From the Mayor

As we transition from winter and settle into spring, I thought this was a good time to provide residents with an update on our deer overpopulation problem. Many residents have expressed frustration over the years regarding our deer infestation in the borough. They have invaded the yards of many residents. They have left a significant amount of deer droppings. They have eaten many well laid flowerbeds and ravished your vegetation gardens. Additionally, they harbor ticks and spread lime disease. They have also caused numerous accidents on our borough roads, all conspiring to place residents at risk. For many it’s like a bad movie rerun which can be entitled: “Invasion of the Deer.” So what have we done about this problem?

Well firstly, the hotbed areas for deer in our borough are around Cobbs Creek to MacDade, and along the Longacre to Whitby Avenue corridor, and around Yeadon Avenue behind Fernwood Cemetery which is another one of their breeding grounds. The problem is that the custodians of “deer control” rest upon the Fairmount Park Commission and PA Game Commission. So this involves multiple jurisdictions, making it difficult to sort out, as many of these deer herds traverse large swaths of land within as well as outside of Yeadon. Thus, the deer we’re talking about just don’t stay in any one place, their control is statutory and largely out of our hands. As a result, the problem of controlled responsibility is varied, vague and vexing.

Thankfully, our new Chief of Police, Anthony Paparo, has come up with a new innovative plan of redress. He has received approval from the PA Game Commission as well as the Philadelphia based Fairmount Park Commission to create a program to eradicate deer within Yeadon. This program has borne tremendous results in a relatively short period of time. Since inception last fall up until now, we’ve seen the eradication of 41 deer taken out of circulation. This program has borne tremendous results. However, residents have informed me that they don’t see much difference as there are literally hundreds of deer currently in circulation. Therefore, it will take two or three seasons of this approach to realize an appreciable difference in their population decrease.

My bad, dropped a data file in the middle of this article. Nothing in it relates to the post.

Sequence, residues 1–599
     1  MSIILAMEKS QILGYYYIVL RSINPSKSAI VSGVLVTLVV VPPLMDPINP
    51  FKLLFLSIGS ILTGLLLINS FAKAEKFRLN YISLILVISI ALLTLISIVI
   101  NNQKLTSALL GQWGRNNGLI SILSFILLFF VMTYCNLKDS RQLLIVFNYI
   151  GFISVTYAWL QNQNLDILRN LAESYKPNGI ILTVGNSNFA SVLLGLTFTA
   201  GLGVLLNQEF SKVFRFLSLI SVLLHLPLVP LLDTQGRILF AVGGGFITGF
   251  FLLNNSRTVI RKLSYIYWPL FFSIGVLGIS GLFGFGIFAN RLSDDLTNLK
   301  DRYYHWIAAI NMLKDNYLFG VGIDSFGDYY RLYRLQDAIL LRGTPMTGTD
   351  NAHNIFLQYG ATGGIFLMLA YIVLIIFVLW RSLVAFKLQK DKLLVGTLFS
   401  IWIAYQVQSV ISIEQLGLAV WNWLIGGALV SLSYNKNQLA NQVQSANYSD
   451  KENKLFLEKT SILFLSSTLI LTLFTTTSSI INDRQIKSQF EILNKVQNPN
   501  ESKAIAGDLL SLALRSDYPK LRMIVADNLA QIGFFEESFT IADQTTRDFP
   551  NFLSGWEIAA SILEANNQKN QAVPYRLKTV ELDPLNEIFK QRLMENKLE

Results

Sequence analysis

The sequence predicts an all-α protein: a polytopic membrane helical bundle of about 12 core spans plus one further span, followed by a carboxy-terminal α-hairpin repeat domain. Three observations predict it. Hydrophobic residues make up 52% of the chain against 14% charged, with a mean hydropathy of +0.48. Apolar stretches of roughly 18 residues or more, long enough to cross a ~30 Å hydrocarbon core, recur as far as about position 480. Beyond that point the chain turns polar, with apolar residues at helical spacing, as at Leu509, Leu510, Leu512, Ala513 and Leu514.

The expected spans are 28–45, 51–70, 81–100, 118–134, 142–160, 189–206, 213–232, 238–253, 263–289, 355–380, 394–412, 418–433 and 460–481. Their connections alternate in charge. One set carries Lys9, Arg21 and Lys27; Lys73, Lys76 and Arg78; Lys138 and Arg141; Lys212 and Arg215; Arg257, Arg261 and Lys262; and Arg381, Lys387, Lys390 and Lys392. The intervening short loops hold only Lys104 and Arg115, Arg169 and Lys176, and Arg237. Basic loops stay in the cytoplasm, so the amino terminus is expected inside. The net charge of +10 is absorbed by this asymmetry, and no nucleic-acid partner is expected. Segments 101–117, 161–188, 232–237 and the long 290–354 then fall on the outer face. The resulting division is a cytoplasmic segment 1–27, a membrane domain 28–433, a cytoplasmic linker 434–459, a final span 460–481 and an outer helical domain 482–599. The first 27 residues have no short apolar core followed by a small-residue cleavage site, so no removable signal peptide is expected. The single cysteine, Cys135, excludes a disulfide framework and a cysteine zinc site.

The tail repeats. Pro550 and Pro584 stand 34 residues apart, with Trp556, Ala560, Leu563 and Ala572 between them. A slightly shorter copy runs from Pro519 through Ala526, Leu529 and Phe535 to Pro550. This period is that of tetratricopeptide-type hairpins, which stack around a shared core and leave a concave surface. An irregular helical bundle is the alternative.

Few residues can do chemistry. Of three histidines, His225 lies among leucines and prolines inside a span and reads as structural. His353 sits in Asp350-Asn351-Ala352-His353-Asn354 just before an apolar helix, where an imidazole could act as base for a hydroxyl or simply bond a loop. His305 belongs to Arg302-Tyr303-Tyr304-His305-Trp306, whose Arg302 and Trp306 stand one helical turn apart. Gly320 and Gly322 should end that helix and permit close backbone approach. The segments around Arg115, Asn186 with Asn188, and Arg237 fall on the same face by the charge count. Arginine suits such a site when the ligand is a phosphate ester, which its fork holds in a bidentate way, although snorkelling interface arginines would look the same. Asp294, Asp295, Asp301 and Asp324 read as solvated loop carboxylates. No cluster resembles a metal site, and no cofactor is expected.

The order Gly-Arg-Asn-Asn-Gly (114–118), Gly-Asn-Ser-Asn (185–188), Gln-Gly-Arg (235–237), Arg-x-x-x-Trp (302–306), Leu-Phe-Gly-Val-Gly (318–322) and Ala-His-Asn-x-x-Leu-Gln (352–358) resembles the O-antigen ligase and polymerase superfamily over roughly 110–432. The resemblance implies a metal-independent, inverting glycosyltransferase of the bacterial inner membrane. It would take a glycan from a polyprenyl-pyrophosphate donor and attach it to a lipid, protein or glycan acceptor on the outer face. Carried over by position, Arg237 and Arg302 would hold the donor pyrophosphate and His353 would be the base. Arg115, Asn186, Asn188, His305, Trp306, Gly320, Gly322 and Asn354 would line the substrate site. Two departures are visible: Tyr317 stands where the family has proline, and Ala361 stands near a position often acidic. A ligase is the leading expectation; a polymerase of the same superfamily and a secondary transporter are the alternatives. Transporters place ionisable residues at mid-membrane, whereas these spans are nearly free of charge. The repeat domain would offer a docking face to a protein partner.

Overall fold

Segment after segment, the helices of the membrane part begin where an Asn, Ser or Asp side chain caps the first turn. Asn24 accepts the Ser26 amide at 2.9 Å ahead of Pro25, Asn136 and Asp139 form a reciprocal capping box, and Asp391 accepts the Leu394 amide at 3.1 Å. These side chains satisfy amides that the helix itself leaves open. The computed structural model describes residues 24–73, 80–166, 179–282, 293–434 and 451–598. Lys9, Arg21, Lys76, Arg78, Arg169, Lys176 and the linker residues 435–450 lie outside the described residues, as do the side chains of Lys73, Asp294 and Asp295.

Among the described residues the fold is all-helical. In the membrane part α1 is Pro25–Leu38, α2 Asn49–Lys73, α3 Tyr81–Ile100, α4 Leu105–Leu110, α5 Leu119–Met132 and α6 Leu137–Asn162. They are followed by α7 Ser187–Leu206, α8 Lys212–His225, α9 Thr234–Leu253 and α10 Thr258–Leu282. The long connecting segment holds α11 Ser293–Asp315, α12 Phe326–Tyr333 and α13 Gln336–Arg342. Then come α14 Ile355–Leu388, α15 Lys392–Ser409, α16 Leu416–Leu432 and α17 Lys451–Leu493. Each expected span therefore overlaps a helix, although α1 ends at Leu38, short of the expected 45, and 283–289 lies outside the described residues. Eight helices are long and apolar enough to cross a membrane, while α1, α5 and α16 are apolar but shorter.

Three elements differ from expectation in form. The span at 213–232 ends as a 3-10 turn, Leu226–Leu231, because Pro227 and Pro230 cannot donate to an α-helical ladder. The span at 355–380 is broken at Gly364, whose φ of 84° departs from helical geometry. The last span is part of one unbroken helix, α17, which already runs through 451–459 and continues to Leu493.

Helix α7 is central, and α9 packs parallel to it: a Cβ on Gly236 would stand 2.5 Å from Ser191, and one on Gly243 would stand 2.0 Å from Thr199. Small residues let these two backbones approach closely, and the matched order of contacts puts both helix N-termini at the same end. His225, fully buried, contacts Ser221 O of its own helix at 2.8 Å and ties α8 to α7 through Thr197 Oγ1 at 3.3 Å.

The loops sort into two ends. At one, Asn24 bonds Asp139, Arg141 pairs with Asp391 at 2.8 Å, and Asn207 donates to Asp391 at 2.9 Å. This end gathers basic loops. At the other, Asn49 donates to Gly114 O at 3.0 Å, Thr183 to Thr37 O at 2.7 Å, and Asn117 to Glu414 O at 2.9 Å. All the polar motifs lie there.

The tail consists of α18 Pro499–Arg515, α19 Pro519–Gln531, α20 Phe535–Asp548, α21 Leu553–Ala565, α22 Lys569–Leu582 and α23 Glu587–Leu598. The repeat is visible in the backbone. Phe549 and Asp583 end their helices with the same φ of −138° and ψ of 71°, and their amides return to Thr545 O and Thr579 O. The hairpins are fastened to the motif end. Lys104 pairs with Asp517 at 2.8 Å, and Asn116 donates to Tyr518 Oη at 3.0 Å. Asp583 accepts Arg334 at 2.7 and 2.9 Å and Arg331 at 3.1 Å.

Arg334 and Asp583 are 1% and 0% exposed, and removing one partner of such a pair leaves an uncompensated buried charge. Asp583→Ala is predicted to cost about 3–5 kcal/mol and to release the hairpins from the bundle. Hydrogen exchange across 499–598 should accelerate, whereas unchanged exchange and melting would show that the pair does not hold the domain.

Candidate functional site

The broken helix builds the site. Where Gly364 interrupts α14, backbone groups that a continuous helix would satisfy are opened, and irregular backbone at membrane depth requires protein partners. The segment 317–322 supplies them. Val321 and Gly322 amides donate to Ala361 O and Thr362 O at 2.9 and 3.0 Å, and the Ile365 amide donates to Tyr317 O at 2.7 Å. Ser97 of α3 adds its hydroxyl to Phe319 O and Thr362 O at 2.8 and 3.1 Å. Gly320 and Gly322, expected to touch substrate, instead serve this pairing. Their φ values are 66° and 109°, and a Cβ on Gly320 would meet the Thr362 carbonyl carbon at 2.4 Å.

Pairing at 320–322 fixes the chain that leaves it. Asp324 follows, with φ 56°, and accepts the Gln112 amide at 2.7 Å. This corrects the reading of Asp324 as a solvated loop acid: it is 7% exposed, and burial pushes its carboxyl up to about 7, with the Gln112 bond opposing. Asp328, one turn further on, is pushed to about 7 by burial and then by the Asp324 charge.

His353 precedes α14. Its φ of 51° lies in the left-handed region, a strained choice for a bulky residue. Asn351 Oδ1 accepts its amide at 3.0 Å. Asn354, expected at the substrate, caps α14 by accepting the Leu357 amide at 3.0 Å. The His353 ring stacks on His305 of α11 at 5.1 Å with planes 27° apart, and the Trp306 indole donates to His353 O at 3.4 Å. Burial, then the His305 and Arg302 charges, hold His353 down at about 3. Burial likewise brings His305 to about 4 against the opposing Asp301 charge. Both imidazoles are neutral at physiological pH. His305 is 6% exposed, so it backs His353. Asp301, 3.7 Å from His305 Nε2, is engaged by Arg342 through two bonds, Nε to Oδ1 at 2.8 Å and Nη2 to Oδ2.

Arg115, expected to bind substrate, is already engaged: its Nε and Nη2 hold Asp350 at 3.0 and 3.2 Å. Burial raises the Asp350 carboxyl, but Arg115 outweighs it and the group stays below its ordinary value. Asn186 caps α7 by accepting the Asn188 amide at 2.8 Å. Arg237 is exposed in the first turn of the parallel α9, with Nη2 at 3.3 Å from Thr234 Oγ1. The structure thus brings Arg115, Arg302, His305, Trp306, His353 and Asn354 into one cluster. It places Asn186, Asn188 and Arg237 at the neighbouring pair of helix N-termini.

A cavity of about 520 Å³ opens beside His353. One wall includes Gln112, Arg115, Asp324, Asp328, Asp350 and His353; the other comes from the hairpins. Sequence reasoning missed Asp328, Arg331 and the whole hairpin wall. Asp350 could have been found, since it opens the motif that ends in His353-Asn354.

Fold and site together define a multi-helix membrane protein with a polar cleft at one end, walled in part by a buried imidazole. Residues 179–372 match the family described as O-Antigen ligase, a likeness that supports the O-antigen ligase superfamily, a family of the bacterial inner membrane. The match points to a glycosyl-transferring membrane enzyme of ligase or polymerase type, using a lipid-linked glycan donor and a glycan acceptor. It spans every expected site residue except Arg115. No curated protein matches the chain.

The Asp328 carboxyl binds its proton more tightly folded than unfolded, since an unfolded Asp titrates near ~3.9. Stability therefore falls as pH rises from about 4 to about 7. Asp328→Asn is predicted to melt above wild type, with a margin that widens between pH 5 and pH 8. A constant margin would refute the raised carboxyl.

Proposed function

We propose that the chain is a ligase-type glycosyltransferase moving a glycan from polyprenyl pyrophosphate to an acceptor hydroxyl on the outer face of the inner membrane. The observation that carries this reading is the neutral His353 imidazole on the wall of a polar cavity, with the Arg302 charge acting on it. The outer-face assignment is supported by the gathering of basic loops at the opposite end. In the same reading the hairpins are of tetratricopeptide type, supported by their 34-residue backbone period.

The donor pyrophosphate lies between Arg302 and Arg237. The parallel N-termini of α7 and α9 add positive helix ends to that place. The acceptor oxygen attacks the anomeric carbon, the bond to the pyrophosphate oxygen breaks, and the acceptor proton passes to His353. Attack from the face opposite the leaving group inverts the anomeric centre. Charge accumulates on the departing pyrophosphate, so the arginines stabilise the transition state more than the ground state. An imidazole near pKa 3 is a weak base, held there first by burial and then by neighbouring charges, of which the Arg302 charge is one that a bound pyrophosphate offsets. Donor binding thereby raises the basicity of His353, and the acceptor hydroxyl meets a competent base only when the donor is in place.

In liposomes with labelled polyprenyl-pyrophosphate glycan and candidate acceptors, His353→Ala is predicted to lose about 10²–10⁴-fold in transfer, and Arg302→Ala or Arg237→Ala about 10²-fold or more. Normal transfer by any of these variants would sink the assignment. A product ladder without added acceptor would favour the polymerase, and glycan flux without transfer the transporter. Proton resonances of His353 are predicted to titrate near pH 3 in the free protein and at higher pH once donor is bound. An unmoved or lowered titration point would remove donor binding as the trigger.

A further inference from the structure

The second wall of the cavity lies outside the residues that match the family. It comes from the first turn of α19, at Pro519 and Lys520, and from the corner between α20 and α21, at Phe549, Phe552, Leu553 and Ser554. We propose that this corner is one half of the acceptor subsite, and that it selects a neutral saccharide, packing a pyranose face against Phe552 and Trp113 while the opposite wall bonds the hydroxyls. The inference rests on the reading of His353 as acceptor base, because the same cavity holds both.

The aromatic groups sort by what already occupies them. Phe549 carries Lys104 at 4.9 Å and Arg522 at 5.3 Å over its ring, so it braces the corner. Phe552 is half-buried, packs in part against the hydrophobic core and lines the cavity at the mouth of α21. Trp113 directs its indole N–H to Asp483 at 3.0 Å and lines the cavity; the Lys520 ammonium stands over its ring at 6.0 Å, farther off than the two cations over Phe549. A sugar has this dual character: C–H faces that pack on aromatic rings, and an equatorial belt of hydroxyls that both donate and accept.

The good news is that after many years of their breeding, harvesting and encroaching upon our residents, the tide has turned where we’re now on the path to successfully bringing their population under control. We’ve finally turned the corner. However, also keep in mind that we are limited by law to when we can do this as the timeframe is limited from fall to the early winter season. Otherwise, it poses an increased danger to residents were this to continue unabated during the spring and summer months. As such, we ask for your continued patience as we strategically wrap our arms around this pervasive problem that was boomeranging out of control for many years … and that now thankfully, we finally have a firm handle on.

Just to keep our residents duly informed…

Sincerely,
Mayor Rohan Hepkins

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